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1 July 2007 Biomass allocation of the invasive tree Acacia auriculiformis and refoliation following hurricane-force winds
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Abstract
Allometric equations and biomass allocation were determined for the aboveground wood, branch, twig, and leaf components of the invasive tree Acacia auriculiformis in south Florida prior to and after a major hurricane event. A destructive harvest was used and plant partitioned biomass was quantified for 35 trees prior to landfall of hurricane Wilma (October 2005), followed by an assessment of 29 hurricane impacted trees (representing all ontogeny classes) three months later. Allometric equations were developed to estimate plant partitioned biomass using diameter at base and diameter at breast height as predictors of biomass components, leaf area, leaf area ratio, and leaf weight ratio. Diameter at base was the best predictor of biomass allocation in all regression analyses. Hurricane force winds did not alter biomass of major woody components; however significant losses were observed in twig biomass and all measured leaf parameters. The replacement of damaged foliage resulted in overcompensation of leaf area and leaf area ratio. Similarly, leaf biomass, and leaf weight ratio also increased following the hurricane, but levels were lower than pre-hurricane observations. This research facilitates the prediction of A. auriculiformis biomass using non destructive sampling protocols while quantifying its resiliency and compensatory abilities following hurricane disturbance.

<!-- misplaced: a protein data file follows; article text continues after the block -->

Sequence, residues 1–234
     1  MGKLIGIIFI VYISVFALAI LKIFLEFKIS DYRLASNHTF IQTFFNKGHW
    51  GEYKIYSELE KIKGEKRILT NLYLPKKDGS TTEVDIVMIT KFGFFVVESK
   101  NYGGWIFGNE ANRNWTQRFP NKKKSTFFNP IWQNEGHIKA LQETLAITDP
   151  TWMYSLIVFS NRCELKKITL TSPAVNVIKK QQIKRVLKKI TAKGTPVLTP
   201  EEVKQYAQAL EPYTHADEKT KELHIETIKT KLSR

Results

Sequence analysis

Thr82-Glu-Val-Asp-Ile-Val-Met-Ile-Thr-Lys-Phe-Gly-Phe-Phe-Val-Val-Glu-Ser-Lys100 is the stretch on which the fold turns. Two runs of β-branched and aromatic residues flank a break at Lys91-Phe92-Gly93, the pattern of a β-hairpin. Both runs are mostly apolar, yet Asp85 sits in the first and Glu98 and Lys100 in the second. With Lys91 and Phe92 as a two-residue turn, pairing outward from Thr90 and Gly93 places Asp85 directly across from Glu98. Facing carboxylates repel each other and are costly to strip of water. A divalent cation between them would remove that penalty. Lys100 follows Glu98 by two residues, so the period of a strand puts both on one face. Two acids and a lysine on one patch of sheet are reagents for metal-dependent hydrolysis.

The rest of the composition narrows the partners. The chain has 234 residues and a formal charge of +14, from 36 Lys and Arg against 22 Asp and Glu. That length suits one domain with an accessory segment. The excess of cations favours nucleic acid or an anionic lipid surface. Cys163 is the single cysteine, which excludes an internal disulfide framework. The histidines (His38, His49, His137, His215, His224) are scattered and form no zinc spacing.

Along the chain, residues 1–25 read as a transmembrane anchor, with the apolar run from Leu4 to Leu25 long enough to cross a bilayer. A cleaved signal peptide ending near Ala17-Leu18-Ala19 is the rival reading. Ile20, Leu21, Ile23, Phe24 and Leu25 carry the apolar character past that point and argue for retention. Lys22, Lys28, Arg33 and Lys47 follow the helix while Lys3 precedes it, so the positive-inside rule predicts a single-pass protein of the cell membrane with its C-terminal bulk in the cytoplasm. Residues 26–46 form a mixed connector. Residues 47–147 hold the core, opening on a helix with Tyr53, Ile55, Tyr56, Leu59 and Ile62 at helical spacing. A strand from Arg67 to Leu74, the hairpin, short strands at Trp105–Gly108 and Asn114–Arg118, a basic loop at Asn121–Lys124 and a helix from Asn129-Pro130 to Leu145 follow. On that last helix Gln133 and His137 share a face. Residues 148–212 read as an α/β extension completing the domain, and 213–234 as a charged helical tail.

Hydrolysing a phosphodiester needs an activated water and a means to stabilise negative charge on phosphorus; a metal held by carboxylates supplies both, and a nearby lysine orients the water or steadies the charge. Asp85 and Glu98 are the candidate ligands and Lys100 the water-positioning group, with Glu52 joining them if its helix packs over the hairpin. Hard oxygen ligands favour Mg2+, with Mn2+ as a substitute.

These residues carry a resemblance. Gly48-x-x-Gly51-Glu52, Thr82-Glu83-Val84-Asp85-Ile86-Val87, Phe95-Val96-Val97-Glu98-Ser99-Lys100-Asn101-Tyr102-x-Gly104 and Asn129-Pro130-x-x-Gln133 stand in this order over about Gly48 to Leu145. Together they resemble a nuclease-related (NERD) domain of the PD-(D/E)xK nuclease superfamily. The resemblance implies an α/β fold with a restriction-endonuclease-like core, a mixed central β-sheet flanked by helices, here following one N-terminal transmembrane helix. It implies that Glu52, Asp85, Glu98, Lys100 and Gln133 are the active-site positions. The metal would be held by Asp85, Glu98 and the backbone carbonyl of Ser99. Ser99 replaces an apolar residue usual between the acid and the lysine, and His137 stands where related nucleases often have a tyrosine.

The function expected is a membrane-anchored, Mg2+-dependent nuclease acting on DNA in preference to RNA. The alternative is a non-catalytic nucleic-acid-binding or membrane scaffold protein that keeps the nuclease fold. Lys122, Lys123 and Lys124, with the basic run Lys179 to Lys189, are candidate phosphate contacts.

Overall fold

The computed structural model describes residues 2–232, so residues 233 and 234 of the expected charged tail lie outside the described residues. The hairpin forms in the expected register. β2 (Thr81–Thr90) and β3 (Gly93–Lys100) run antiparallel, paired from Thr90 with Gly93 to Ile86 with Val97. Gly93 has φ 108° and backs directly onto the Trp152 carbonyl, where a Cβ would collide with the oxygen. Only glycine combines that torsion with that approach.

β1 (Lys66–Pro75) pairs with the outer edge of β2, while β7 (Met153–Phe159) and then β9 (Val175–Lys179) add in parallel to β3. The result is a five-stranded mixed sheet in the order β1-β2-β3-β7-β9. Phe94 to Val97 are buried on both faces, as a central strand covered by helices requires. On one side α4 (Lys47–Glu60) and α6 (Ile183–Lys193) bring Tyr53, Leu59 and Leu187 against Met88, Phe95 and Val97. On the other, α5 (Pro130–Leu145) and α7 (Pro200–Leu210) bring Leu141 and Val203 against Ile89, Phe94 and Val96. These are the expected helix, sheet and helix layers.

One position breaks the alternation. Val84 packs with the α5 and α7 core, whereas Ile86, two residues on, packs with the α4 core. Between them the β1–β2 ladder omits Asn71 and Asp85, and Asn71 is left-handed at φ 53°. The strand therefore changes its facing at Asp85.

and Deah M. Lieurance "Biomass allocation of the invasive tree Acacia auriculiformis and refoliation following hurricane-force winds 1," The Journal of the Torrey Botanical Society 134(3), (1 July 2007). https://doi.org/10.3159/1095-5674(2007)134[389:BAOTIT]2.0.CO;2
Received: 5 January 2007; Accepted: ; Published: 1 July 2007
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